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twinturbostang

RC Control range issues

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Branching off the discussion of my poor rc range into a separate thread. The issue here is I appear to be suffering from reduced RC range. For a long time I've felt that there was reduced range with my planes. Various glitching, lack luster range checks, etc. The final straw was a crash of my FPV plane last weekend at 0.35 mile range (complete receiver lockout). I was flying my TwinStar with a Futaba 9C transmitter and a Berg7P receiver, which is supposed to be one of the best receivers out there. I was flying with a buddy, who also has a FPV Twinstar. He has almost an identical setup... Futaba 9C Super, Berg7P, etc. And he has been twice as far down range without any control issues, at this particular field. He even is running a 1Watt video transmitter just inches away from his Berg, whereas I'm running a 500mW transmitter.

Here is a quote from Mr.RC-Cam that I would like to reply to...

That is a reasonable range for a clean RF environment. But when you install switching regulators, video gear, ESC's, motors, and so on, the localized RF noise can be substantial. It can be a challenge to get everything to play nice together. Two identical models, with what looks like identical equipment, can have vastly different personalities when it comes to RF noise. So, don't get distracted by your buddy's success.

I refuse to believe it's some sort of black magic. There seems to be something severely limiting the range of my system. And I don't believe (although I could be wrong) that it has to do with switching regulators. I'm running a ParkBEC. My buddy is running the SportBEC, which is even larger.

My best guess at this point is that there may be something wrong with my frequency module. I've got another module on another channel that I am going to try and see if that makes a difference. However, if anyone has any other suggestions, please let me know.

BTW, I've had a receiver lockout before. Totally different setup. Different plane, built in BEC, FMA M5II receiver, different field, and at close range. The RC transmitter was the same though.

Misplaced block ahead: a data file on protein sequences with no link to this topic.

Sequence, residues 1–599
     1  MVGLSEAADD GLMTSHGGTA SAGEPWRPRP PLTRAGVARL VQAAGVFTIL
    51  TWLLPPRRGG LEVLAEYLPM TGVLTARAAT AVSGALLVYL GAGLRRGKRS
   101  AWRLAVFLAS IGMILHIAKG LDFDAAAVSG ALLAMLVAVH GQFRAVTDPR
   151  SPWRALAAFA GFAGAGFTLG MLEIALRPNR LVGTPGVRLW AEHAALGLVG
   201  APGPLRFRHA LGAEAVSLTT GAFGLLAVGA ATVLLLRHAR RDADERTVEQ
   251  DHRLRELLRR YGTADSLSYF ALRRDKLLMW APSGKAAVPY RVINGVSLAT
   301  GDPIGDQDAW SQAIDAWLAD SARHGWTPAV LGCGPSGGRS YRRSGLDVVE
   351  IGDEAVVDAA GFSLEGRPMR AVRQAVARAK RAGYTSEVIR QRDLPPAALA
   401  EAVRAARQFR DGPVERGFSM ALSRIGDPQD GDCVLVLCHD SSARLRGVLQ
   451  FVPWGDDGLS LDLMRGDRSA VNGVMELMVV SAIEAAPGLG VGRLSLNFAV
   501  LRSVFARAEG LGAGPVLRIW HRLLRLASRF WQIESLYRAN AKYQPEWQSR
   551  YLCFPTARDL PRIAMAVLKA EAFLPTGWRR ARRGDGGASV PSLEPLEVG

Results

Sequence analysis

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If you believe it is a R/C system problem, then try this:

Perform a ground range test with everything powered on (video gear, accessories, etc.). Vary the motor's RPM to see if there is a worse case throttle position. Use the ground range test criteria suggested by your R/C maker.

Then, turn off EVERYTHING but the R/C gear. Compare the ground range under that situation. If the reliable range is the same, then you have eliminated motor and video equipment problems, which will reduce the troubleshooting work by a huge factor. To eliminate the switching BEC as a cause, unplug it and run the R/C Rx from a common 4-cell NiCD (or use the linear BEC in your ESC for the test).

Many times a range reduction is caused by more than one thing (EMI/RFI is additive). Each will contribute to the broken camel's back. The goal is to find a practical compromise in your installation that results in range performance that is acceptable. Sometimes it is as simple as moving the Rx or its antenna. Sometimes not.

Let's assume for now that it is EMI/RFI. Basically, you start out with what is called the Rx gain budget. Noise sources erode it. We can screw it up a lot and not notice that it has been compromised. But, each added noise source takes away the budget's safety margin. The perfect storm is when things are marginal, but not noticed, until something new comes along (external interference, poor R/C Tx antenna orientation, goofy Tx, servo motor that is getting noisier, bad karma, etc). Then the house of cards comes down.

But maybe it's not EMI/RFI. It will be very sweet if your problem is simply a bad Tx or Rx. I've never been so lucky, but hopefully that is all you need to deal with.

I doubt anything I've mentioned is new news to you. But, it might be good info for the newcomers.

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I have had problems with switching regulators in the past so I don't touch them now. I know someone will chime in and say they use them all the time with no problems but 'I' play it safe, once bitten twice shy.

I have also had range issues when running a 500mW TX so I stick to 100mW or 10mW TX's.